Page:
What to see and do in Savannah, GA
We just returned from our 5-day, 4-night trip to Savannah, which provided a perfect respite from the colder weather and February dreariness of working with no vacations in sight. I wanted to share all the sights we saw, places we ate and things we did so that you can hopefully get some tips for planning your own trip.
This time of year Savannah remains chilly (think 40s-60s), so definitely layer up as the winds from the riverfront will hit you hard.
We stayed at The Alida, which while nicely decorated / clean and modern also featured absurd fees (think a $25/day amenity fee added on to your daily rate for amenities other hotels provide for free, and $42 valet-only parking). For these reasons, I'd actually recommend against this hotel, especially as you can get better waterfront views from hotels we walked by such as the JW Marriott or The Cotton Sail Hotel.
If your hotel also has a rip-off rate for parking, I highly recommend you look for the many public and private parking garages and lots in the downtown area that will almost certainly be better. We ended up putting our car in an open lot behind the Hilton Garden Inn (entrance on Jefferson St and W. Bay Ln) at $25/night - still pricey but a heck of a lot better and which gave us the option to enter and leave freely without dealing with the hassle of calling a valet each time (also important in these times, as the last thing I want is a stranger going in my vehicle).
Food was definitely a highlight of the trip, as what's not to like about authentic and fattening Southern cuisine. Below were some standouts:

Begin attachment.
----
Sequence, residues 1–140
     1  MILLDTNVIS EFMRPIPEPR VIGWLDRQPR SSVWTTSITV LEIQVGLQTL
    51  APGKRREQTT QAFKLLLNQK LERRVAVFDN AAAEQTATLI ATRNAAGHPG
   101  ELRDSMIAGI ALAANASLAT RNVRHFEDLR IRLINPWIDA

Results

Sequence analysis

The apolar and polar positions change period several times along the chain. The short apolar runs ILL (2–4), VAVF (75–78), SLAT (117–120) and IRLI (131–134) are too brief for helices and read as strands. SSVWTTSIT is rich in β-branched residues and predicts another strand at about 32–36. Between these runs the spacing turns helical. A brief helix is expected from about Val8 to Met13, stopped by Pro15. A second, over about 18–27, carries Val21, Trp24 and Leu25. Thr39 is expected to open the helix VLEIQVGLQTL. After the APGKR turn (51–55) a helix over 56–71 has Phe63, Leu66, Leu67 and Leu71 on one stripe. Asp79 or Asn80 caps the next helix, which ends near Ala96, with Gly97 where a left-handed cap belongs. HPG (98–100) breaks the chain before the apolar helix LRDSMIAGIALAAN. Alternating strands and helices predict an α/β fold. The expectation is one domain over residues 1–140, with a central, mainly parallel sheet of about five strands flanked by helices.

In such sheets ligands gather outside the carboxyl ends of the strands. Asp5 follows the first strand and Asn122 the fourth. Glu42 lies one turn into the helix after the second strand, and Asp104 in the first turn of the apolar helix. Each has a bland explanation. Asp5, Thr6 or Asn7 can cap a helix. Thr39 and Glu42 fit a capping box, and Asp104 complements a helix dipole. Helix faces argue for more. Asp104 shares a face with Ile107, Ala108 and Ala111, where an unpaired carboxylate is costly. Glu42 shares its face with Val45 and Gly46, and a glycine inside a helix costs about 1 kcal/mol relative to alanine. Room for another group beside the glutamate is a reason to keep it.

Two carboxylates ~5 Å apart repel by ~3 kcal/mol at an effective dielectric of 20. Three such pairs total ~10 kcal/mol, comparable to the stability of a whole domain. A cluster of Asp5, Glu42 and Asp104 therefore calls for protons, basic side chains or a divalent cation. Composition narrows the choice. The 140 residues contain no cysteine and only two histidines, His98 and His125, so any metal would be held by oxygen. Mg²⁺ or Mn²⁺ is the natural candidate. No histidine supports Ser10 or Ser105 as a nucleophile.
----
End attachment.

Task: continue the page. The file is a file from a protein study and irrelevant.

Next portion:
The Olde Pink House: The most hyped of the spots in town, and rightly so. The server we had was incredibly pleasant and polite. Importantly, every bite of food we had was delicious. And the ambiance of being inside an old wooden house was very cool, even if it's been done before by places like Husk etc. I had their famed fried flounder, which was so much food that I ended up taking the other half home to eat the next day. It was rather heavy though as a downside.
We also had the pecan crusted chicken, and shared a shrimp and cornbread based appetizer (couldn't recommend more highly, so good). They also serve you complimentary hot biscuits with butter which were a perfect opening.
The Grey: A former bus depot turned restaurant, this place featured open spacing with lovely views and delicious James Beard nominated brunch foods (created by NYC-born black female executive chef, Mashama Bailey). I had their Blue Crab beignets (very good, lots of good crab meat inside and minimal filling), and we also shared their pork and egg yolk based pasta dish which was hearty and delicious with tons of black pepper.
Little Duck Diner: Probably our favorite (we went back 2x) and clearly a favorite with tourists for a reason. Reasonably priced, tasty and diverse menu option. Everything we had was good, with the bbq duck tacos and grilled cheese both delicious. Waffles were a little sweet but certainly satisfying.
Flock to the Wok: A more classic Chinese food place with a modern feel. Tasty and hit the spot.
B. Matthews Eatery: Conveniently located with classic brunch items and staples. Nothing standout but I enjoyed the veggie scramble and crab benedict we tried